Did Yaesu miss the boat?

Unfortunately I was unable to attend the Dayton Hamvention this year.  It was on my list of things to try to accomplish for 2012, but since I’m heading out west to Pacificon in October, I needed to save my pennies for that adventure.  The Dayton Hamvention will be moved to my “things to accomplish list” for 2013.

As you may know from my recent blogging, I do own the brand new Elecraft KX3.  I described this little rig in a recent podcast as “ultra-lite, ultra-portable, ultra-awesome” and the KX3 certainly lives up to all of these fine attributes.  While I’ve owned my Yaesu FT-817 for about 4 years, I really love the larger display of the KX3 and of course all the updated features certainly don’t hurt either.

File:Yaesu FT-817.jpg

The Yaesu FT-817 was first released in 2001 and an updated FT-817ND model was made available in 2004.  The 817 is based on the main circuit board design of its bigger and more powerful brothers, the FT-857 and FT-897. 

As I stated, I purchased my 817 back in the 2008 timeframe and used it for portable operations and carried it along with me on hiking and backpacking trips.  I became hooked on SOTA or Summits On The Air in the fall of 2011 and this became my main radio for that purpose.

While I’m perfectly happy with my KX3 and have already used it on one SOTA adventure, I was (like many) thinking, hoping, expecting, anticipating Yaesu to unveil it’s new QRP portable offering at the 2012 Dayton Hamvention.  However, the Dayton Hamvention is over and there was no announcement or news of any kind from Yaesu regarding their future QRP/Portable offering.  I’m wondering if the boat has sailed and left Yaesu high and dry?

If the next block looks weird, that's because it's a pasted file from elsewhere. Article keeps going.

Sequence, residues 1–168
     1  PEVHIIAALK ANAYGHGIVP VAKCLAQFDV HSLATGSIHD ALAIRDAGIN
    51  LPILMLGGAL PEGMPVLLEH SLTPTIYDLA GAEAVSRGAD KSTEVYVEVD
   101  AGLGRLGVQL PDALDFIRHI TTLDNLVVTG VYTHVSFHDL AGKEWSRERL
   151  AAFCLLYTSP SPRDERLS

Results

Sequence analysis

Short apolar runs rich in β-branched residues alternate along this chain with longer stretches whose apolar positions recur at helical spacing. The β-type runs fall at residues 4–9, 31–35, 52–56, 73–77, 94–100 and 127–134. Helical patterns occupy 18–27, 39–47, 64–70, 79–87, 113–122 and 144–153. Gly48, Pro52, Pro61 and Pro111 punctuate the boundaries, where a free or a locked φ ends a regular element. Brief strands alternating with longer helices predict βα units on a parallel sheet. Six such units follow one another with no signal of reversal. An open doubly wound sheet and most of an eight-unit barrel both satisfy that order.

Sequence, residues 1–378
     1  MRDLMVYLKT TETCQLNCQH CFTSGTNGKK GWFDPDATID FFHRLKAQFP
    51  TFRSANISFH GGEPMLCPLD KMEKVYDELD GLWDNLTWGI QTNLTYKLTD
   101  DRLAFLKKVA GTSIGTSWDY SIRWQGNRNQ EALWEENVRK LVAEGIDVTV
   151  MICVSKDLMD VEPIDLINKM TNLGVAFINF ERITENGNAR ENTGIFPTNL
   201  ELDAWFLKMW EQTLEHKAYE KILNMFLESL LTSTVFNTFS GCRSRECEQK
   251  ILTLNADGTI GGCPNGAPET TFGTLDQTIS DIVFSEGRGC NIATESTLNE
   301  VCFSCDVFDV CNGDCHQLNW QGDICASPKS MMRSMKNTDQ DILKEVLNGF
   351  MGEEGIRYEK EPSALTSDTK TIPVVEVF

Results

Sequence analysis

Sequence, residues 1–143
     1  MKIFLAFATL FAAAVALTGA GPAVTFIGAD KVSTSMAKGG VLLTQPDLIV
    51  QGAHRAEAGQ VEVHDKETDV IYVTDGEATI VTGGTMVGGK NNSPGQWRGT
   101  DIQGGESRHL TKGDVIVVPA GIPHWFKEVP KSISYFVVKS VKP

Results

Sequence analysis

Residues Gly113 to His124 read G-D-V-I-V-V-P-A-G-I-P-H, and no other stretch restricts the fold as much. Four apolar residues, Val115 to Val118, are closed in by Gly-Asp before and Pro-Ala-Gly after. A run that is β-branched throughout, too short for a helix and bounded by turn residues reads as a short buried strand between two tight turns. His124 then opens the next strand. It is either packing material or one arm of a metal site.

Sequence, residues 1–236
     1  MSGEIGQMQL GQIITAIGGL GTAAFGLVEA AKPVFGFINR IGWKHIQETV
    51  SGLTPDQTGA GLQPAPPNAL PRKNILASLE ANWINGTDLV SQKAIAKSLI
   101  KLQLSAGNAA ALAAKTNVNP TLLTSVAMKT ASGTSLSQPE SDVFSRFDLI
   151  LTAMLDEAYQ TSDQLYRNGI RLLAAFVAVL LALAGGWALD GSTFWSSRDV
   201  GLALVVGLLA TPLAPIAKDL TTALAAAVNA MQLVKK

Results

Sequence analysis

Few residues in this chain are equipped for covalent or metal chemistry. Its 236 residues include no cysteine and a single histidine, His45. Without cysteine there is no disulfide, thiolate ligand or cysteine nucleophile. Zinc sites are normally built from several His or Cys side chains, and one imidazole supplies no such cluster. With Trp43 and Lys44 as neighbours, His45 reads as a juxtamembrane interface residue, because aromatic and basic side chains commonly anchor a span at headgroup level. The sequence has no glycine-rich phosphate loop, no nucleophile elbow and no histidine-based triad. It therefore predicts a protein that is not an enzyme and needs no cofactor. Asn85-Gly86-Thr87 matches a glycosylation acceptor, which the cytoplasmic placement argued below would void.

With Elecraft announcing the KX3 at the 2011 Dayton Hamvention and opening the KX3 up for orders in late December 2011 and beginning to ship orders in the Spring of 2012, the 2012 Dayton Hamvention would be the perfect place to announce a new QRP offering from Yaesu.  Well…that is if a new offering was planned.

Of course, Yaesu is big enough and perhaps powerful enough not to necessarily need to leverage an event like the Dayton Hamvention to announce a new QRP rig.  Also, there is absolutely nothing wrong with the FT-817.  While it may be over 10 years old, the old dinosaur is still kicking and screaming and loved in the QRP community.  As I stated I do own one and I plan to keep it….for now!  

So why do I even bring this up?  Well I do have an interest in QRP operations and an updated offering from Yaesu would be great news for the hobby.  However, I don’t view this as doom and gloom.  I figure Yaesu will update their aging line of 817’s, 857’s and 897’s when they feel the time is right.  However, I just wonder if that time is NOW!

Until next time…

73 de KDØBIK   

Jerry Taylor, KD0BIK, is a regular contributor to AmateurRadio.com and writes from Colorado, USA. He is the host of the Practical Amateur Radio Podcast. Contact him at [email protected].

11 Responses to “Did Yaesu miss the boat?”